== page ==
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Camino Frances (Part 6) : Who said the Camino is no party?

Updated: Jul 13, 2019

Looking back, the Camino seemed to have melted into phases. Phase of learning (the Pyrenees), phase of personal challenges (Roncesvalles - Pamplona) and phase of meeting new people (Zubiri to Logroño). There would be other phases, but more about those in my other blogs.

I guess the best way to describe the next couple of stages (Logroño to Burgos) of the Camino is the party phase. Of all the stretches, this is the one I most partied on (well besides the day we drank Óbanos dry waiting for the Albergue to open it's doors).

This part of the Camino follows the N-120 highway and often crosses under and over it. There were sections that were too close to the road for me - I preferred the meanderings across fields and countryside - away from modern traffic.

We started out planning a short day of 15 kms (9 miles) from Logroño to Navarrete. I found that the pattern of walk we had eased into was to walk 2 to 3 days averaging 23 kms (14 miles) followed by a short day of 15 kms (9 miles). This gave us the time and space to enjoy each day to the fullest and allow for some rest every couple of days. With booking ahead, we had no pressure to find a bunk which meant no rushing to be first at the Albergue door. I just loved this rhythm and for Helen, it helped keep her Tendinitis in check.

Navarrete to Azofra (21 kms/13 miles) was a beautiful walk and we landed up having to overnight in a haunted church dormatory because the Municipal Albergue was full (there were no private Albergues in the area so we had not pre-booked). We shared the dormatory with 3 American women whom we had seen on and off over the previous few days. Often Helen and I would play guessing games as to what the profession of someone was just by looking at them. Well, we were convinced that these ladies were Nuns! They looked like nuns and spending the night with them convinced us even more as they let on that they were doing a religious pilgrimage (this reinforced our assumption). It wasn't until Santiago when we bumped into them did we actually ask them what they did. Just goes to show - assumptions are rarely right! Of course they were NOT Nuns! They were 3 friends walking a section of the Camino who just happened to be religious and spent time visiting the Cathedrals, churches and monasteries along the way.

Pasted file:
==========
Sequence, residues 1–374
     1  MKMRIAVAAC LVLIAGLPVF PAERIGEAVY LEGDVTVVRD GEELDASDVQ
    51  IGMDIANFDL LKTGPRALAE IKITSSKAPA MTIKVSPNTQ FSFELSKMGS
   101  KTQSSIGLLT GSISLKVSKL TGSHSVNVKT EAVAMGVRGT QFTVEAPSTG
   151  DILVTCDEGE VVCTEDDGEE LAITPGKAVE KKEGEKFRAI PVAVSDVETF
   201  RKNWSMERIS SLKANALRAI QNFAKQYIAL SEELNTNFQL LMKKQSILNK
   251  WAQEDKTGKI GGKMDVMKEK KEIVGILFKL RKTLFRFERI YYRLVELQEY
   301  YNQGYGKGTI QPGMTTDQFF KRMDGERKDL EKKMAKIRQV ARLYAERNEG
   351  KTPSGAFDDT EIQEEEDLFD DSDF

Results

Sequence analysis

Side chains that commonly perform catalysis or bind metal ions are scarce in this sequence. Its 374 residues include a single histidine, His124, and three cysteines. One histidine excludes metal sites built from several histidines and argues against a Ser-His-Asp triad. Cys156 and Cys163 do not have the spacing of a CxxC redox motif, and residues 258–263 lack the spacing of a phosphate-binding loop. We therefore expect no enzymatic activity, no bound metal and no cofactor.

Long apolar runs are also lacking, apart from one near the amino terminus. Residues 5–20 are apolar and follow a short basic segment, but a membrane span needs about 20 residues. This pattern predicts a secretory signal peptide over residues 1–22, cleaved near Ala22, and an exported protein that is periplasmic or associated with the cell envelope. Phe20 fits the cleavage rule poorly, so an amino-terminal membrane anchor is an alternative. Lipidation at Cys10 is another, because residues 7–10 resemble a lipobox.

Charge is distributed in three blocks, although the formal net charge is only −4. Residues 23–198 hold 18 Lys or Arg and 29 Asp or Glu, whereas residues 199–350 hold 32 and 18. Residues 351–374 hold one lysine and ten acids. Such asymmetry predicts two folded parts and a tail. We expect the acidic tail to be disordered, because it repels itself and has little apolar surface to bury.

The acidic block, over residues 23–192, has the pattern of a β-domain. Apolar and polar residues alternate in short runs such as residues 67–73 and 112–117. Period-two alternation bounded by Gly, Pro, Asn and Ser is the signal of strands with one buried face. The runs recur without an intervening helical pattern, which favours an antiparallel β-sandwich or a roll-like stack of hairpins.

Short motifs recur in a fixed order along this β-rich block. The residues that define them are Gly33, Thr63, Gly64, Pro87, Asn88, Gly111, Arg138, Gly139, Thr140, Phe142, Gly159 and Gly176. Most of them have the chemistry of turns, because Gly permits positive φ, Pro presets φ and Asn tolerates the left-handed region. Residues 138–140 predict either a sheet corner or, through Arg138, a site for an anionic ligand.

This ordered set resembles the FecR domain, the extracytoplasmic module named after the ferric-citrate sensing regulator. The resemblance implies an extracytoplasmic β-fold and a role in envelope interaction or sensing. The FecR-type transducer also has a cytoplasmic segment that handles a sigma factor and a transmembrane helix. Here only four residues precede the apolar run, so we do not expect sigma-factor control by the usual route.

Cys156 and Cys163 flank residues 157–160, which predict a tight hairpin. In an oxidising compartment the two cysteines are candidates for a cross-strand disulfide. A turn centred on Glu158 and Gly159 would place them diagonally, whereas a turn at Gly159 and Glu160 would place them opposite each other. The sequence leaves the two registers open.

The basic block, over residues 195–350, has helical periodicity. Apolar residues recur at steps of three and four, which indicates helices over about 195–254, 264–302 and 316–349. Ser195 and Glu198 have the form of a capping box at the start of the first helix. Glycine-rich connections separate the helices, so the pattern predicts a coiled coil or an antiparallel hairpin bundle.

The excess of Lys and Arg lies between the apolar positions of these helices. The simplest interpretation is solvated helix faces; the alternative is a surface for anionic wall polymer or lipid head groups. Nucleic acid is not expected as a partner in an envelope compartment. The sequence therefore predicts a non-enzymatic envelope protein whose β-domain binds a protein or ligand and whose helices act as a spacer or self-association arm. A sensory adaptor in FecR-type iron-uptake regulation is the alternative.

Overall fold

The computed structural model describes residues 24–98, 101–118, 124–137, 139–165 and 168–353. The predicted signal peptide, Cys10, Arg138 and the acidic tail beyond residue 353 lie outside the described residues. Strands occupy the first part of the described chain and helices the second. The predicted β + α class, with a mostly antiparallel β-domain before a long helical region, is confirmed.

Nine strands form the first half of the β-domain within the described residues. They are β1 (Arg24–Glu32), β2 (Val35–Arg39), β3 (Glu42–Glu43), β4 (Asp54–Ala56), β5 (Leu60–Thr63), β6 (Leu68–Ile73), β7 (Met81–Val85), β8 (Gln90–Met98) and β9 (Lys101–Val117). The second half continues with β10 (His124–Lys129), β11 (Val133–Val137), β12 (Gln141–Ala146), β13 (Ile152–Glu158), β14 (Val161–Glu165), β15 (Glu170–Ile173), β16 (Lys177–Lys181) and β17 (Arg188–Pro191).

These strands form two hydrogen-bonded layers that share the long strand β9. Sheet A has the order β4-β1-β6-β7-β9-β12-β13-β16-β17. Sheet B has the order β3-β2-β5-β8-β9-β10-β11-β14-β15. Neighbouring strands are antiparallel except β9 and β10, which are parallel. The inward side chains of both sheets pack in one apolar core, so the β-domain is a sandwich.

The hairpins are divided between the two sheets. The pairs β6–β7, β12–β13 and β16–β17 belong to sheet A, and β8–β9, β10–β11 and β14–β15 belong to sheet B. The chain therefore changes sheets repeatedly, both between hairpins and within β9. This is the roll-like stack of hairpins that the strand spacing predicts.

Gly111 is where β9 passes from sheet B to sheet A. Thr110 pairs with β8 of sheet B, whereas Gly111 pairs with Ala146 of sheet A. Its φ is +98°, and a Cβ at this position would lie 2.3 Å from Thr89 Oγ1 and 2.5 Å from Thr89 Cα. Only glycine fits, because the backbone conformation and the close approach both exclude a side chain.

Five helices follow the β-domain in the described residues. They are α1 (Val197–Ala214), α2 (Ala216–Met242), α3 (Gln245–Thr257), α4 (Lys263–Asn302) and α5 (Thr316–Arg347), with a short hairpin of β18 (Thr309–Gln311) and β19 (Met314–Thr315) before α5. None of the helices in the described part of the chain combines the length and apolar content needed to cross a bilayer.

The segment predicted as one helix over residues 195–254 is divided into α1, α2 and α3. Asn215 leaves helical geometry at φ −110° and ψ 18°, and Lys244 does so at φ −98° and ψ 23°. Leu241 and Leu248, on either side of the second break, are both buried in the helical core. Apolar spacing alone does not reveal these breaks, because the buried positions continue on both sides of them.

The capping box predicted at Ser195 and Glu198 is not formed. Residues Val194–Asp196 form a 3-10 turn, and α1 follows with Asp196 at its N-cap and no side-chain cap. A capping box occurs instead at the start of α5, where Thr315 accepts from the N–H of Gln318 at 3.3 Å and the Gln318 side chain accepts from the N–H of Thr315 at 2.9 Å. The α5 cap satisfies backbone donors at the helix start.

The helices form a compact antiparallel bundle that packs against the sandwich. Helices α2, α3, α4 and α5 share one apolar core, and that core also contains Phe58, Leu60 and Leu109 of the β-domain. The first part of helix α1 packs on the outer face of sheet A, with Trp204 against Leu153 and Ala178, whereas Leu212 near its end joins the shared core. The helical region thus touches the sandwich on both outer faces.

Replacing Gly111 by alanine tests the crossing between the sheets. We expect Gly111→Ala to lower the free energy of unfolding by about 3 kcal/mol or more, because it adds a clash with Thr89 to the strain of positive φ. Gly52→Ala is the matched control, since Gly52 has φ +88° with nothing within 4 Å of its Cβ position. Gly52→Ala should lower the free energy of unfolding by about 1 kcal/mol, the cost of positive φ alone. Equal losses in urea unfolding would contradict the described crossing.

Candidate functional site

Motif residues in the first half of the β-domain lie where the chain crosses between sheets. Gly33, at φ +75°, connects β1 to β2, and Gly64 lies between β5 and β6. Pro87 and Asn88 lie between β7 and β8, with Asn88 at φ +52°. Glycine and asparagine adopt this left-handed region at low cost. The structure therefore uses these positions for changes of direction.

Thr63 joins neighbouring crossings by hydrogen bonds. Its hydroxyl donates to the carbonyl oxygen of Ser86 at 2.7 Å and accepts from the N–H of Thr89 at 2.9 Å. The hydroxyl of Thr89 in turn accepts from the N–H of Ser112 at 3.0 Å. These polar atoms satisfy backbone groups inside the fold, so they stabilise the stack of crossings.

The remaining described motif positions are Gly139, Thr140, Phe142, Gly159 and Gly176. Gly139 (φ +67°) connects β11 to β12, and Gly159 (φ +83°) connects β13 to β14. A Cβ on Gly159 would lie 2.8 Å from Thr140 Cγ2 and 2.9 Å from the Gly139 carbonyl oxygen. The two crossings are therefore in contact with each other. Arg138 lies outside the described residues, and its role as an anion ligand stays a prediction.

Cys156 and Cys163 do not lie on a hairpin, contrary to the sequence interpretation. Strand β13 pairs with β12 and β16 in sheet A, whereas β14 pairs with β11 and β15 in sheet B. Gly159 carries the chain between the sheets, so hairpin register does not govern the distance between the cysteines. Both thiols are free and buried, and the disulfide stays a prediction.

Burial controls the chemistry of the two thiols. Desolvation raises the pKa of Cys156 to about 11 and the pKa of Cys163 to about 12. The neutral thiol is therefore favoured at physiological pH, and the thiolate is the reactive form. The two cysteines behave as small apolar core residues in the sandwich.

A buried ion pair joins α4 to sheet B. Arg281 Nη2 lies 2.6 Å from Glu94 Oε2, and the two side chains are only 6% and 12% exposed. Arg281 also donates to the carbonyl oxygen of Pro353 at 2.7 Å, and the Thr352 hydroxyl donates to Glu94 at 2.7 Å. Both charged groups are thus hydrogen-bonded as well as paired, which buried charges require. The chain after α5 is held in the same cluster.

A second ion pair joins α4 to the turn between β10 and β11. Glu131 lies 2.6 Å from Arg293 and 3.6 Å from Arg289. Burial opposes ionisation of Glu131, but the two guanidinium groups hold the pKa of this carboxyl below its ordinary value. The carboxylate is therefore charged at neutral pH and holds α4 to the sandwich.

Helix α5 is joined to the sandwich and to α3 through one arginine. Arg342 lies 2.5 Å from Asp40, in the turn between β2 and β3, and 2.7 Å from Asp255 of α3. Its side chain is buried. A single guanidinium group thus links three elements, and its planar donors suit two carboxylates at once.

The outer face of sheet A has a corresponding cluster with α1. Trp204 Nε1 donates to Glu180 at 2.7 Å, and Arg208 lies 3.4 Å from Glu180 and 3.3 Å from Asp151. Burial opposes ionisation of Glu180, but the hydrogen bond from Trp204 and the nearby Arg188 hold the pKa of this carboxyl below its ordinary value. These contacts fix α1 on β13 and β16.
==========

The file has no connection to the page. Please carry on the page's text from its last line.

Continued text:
Spain has some of the most beautiful Cathedrals and I visited many, lighting a candle where I could for my family. Did I mention to you that I grew up Roman Catholic? Well I did. I am not a practicing Roman Catholic, I am not a practicing anything religious but I do respect the sanctuary of the church. I love the spiritual space it provides and allows me to connect and light a candle...

On Day 11 we tackled the 20 kms (13 miles) to Grañon via Santo Domingo. Oh my word what a day! A'nnibal hooked up with us and what felt like an hour was actually 15 kms (9.3 miles). We chatted and laughed so much - food for the soul I say. A'nnibal was a real hoot, a man who even in his 30.s phoned his Mama every day. He was walking in normal leather shoes and had very bad blisters and in spite of this, he never complained. Nurse Helen stepped in and sorted his feet out as best as she could. (Helen had a tablet/plaster for any occasion). Kilometres/Miles passed by while we were having fun. This day was one that really stood out for me. I guess it was the laughter.

We arrived in Santo Domingo and found a sports store where we convinced A'nnibal to buy proper shoes. To celebrate we found a cafe to have lunch and of course Vino Tinto. Helen and I rolled out of there around 4pm with still some 6 kms (3,7 miles) to go. The cafe was situated on the main route of the Camino, and we were joined by many a pilgrim on their way past. Some stopped for a bite and others, just a glass of orange juice/Vino Tinto.

We grudgingly left A'nnibal (he was overnighting in Santo Domingo) and headed on to Grañon. I have to tell you, I don't remember much about that stretch, suffice it to say that Helen and I merrily made our way to our Albergue in Grañon - no trouble!

Once settled in our Albergue, we went into the village to seek dinner. Well, never mind dinner, it was jugs of Sangria, music and pilgrims. What an amazing vibe.

The music, singing and fellowship amongst the people around the table was vibrant. We were a bunch of pilgrims from all corners of the earth, each speaking different languages and some not understanding others. But it was no problem, music, laughter and Sangria ensured that we all enjoyed the festivities. It was probably one of my most memorable evenings on the Camino! I do remember at some point going live on FaceBook .... the signal was not good, but I did get to speak to my brother and his wife, Clive & Louise! Helen and I dragged ourselves up to our Albergue (it was on a hill above the town centre) and pretty much died that night.

The only cafe in the village closed its doors and Helen and I were invited to the only other Albergue to join the crowd for dinner. This second to Orisson, was my most favourite meal on the Camino!

We left Grañon early the next morning and headed out for the 15,7 km (10 Mile) walk to Belorado, grateful for the short day while nursing our headaches.

Day 12 was uneventful with us both deciding to take the bus into San Juan de Ortega. Helen's leg was giving her hell and we needed to get her to a Physio again. Unfortunately the only Physio was in Burgos so we headed on to the city. We landed up spending 2 days here while Helen had treatment. It was an amazing two days during which we were able to see the sights. I loved Burgos.

Sightseeing in Burgos....

In hindsight, these two days enabled me to rest and reenergise myself for what was to come.